3 – Sometimes the people I invited, the ones who swore that they were coming, and that they were really excited about being there, the ones I bought food for and set the table for, and borrowed extra chairs so that they’d have a place to sit – they don’t bother to show up. And I know things happen. People are busy, or things come up, or they simply forget. I understand. I’ve been the person who bailed out on a friend’s party at the last minute. And, hey, more extremely tasty leftovers for me! But this wasn’t a big party. This was a small gathering, and your absence was very definitely noticed. Plus, if you had let me know that you weren’t coming, there’s someone else who I had to leave off the list, someone who would have loved to come, whom I could have had in your place. But I didn’t invite them because I thought you were coming. Sometimes I don’t mind, but sometimes I really do, and then I’m left with this passel of hurt feelings and resentments I have to work through instead of just enjoying my party. And that just stinks. And I’m not saying this to guilt trip anyone at all. I’m just putting it out there in all honesty as one of the drawbacks of having Dinner Parties rather than just parties where it doesn’t matter as much who shows up and who doesn’t.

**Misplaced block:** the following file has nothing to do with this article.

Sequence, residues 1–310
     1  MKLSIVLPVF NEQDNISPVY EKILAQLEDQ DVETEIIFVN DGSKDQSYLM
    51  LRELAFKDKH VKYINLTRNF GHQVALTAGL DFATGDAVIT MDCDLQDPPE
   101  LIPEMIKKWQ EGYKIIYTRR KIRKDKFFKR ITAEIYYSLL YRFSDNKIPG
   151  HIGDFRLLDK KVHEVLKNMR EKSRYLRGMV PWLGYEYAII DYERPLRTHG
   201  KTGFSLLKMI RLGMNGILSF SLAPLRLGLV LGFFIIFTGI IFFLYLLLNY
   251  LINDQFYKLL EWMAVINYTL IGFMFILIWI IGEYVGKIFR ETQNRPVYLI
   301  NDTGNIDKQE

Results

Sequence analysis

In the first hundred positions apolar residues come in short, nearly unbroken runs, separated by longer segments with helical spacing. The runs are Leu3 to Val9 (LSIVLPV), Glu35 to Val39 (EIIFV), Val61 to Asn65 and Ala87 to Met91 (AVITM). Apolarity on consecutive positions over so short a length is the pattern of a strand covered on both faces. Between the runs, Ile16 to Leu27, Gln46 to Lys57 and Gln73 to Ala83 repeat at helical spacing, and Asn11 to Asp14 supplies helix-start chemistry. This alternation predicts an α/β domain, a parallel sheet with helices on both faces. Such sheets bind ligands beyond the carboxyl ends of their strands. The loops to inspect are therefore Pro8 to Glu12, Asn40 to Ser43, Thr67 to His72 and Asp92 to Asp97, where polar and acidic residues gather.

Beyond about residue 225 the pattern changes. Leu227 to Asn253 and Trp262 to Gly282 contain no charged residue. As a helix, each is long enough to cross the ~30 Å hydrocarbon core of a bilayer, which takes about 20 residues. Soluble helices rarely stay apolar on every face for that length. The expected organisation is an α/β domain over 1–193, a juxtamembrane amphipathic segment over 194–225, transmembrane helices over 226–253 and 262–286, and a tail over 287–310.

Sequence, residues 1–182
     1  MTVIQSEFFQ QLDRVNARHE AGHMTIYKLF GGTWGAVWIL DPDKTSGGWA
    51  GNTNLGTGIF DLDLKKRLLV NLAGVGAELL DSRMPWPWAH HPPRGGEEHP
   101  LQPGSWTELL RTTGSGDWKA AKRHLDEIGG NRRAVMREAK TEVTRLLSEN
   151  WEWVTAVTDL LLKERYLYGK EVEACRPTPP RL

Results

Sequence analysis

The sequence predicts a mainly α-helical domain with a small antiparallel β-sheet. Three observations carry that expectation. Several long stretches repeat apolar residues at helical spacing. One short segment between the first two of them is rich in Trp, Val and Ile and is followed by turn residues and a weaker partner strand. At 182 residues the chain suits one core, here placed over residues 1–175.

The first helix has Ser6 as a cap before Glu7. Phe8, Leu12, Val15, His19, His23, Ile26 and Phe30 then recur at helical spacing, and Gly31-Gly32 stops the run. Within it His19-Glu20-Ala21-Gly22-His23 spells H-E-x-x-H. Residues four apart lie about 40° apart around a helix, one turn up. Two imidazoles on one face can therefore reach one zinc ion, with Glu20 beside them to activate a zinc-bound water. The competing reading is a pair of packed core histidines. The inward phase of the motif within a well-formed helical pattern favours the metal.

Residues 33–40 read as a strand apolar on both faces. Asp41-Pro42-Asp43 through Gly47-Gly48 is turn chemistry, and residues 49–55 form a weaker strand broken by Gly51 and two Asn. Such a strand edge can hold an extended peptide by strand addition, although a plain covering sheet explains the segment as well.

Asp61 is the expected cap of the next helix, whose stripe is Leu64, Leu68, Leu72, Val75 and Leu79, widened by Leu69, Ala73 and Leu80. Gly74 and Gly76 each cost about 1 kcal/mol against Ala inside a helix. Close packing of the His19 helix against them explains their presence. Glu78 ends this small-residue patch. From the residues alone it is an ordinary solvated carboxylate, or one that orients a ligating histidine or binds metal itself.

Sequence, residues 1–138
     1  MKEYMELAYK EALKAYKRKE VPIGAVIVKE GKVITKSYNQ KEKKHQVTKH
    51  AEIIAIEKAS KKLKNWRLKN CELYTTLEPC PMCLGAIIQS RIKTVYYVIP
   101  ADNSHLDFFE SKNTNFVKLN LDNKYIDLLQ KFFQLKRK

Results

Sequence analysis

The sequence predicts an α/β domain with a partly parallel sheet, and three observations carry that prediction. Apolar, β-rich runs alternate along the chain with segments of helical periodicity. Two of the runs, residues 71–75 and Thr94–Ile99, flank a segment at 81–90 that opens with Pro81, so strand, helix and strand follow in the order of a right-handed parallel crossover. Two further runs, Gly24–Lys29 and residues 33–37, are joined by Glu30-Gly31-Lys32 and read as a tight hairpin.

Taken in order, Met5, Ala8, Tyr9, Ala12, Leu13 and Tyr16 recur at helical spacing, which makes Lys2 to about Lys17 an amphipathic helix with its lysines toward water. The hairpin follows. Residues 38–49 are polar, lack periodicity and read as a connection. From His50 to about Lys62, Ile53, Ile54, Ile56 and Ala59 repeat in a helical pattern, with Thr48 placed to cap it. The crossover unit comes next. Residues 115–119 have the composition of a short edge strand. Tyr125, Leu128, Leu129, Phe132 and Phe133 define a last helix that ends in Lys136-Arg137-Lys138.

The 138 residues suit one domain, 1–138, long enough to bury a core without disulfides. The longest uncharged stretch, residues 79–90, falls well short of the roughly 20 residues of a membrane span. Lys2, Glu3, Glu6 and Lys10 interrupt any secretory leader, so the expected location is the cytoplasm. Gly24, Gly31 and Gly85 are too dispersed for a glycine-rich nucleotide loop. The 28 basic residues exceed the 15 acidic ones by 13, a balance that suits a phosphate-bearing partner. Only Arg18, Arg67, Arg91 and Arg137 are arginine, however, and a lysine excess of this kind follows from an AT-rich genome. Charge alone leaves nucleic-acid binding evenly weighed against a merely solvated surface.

4 – It is a lot of work. Even if it’s fun work, it’s still work. Really. Usually I end up spending the whole next day recovering, which means I lose most of my weekend to either party prep or recovery. And that’s a lot of time.
Still, there are more benefits to having Dinner Parties than drawbacks. So I think I’ll keep having them. Plus, I think I’m starting to get the hang of it. My party on Saturday was the smoothest of them so far. Maybe after a while I’ll be so good at this that I won’t need the next dayto recover. And I”ll have invited everyone I want to invite at last once, so I don’t have to worry about hurt feelings. And all will be well.
Until the next one!